• Free FedEx Shipping

  • Lifetime Warranty

  • Exceptional Customer Service

  • Interest Free Payments

Guaranteed Holiday Delivery, Order By December 8th

Heraldic Times RSS

The Beginning of Heraldry

Heraldry finds its origins in pictorial devices which were used as individual or tribal marks of identification by ancient civilizations. These family devices were more like badges than coats of arms and their assumption at a certain stage of civilization became necessary because people were very much alike, and without some well-known mark tattooed on their skin or carried on the person in some prominent way, friends and foes in large groups were indistinguishable. Early tribal or totem devices were almost always the figure of some living creature, and they were placed wherever was practical, marked on the skin, worked into clothing, painted on tents, shields and other belongings. Whenever an animal was chosen as a tribal mark, the animal...

Continue reading →

The Lions of England, part 2

What is the origin of the second lion in the Royal Arms of England? Some historians suggest that it came into the Arms through Henry I’s marriage to Adeliza, daughter of Godfrey of Louvain, image above, who bore a lion in allusion to his name (Leuwon : Leones). But there is no proof that the second lion was intended to commemorate this union, it may indeed have been added purely for artistic effect. From his grandfather Henry II is supposed to have inherited two gold lions on red, but they first appear as an undoubted shield of arms in the seal of his son John. But Prince John’s lions looked not out of the shield but over their shoulders (reguardant)....

Continue reading →

The Lions of England, part 1

The Lion is a lively image of a good soldier, who must be valiant of  courage., strong of body, politicke in counsell, and a foe to feare.”  -- Guillim, Display of HeraldryThe Armorial Roll of Caerlaverock from 1300 describes the Arms of the King of England as “ Three leopards of fine gold set on red; courant, fierce, haughty and cruel; to signify that like them the King is dreadful to his enemies, for his bite is slight to none who brave his anger, and yet towards such as seek his friendship or submit to his power his kindness is soon rekindled.” In heraldry a leopard represents a lion staring you in the face, the three lions have stood in the Royal Arms...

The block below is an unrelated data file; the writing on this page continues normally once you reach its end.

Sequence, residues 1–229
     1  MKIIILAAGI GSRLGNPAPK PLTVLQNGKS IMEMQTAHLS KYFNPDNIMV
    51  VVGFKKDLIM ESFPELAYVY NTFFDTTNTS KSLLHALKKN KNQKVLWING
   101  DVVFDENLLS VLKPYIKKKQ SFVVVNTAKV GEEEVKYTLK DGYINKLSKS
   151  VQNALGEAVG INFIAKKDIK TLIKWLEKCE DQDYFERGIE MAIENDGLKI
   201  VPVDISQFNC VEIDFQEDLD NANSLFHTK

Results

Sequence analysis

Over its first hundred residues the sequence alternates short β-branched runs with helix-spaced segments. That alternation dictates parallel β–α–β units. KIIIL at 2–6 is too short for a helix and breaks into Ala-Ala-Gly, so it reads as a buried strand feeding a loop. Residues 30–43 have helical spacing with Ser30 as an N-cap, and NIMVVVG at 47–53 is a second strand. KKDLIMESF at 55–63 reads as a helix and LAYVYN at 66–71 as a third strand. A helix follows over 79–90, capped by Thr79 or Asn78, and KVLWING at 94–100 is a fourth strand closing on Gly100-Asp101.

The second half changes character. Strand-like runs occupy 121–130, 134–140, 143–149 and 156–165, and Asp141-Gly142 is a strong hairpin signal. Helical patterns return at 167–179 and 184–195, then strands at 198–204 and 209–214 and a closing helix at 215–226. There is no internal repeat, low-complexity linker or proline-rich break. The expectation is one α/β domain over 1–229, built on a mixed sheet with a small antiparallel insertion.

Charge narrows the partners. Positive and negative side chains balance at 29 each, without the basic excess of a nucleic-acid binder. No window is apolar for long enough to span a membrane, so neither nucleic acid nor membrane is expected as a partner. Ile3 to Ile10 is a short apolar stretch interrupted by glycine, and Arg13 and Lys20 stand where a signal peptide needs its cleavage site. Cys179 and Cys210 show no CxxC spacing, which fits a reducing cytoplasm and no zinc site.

Continue reading →

The Battle of Hastings and The Norman Conquest, part 5

The badge of Sagittary or Sagittarius, the centaur armed with a bow and arrow is attributed to Stephen of Blois and it is thought that this emblem commemorated a victory won by his archers. An alternative theory is that he took his badge from the sign of the zodiac under which his reign began. Another badge said to be used by Stephen was a plume of three ostrich feathers, with the motto, Vi nulla invertitur ordo, “ By no force is their form altered.” This is not to be confused with the ostrich plumes on the Coat of Arms of the Prince of Wales, which are of different origin. The family of Dering from Kent regard the three red roundels (rings) above...

Continue reading →

The Battle of Hastings and The Norman Conquest, part 4

                             CITY OF LONDON COAT OF ARMS Historically, the dragon is more properly regarded as William of Normandy’s emblem than the two lions posthumously conferred on him by the heralds. There is evidence that the Dragon standard was used by four of William’s successors, namely, Richard I, Henry III, Edward I and Henry V. In his account of Richard’s crusade, Richard of Devizes wrote: “ The terrible standard of the dragon is  borne in front unfurled.” Henry III is recorded as having issued a mandate “ to cause a dragon to be made in fashion of a standard of red silk sparkling all over with gold, the tongue of which...

Continue reading →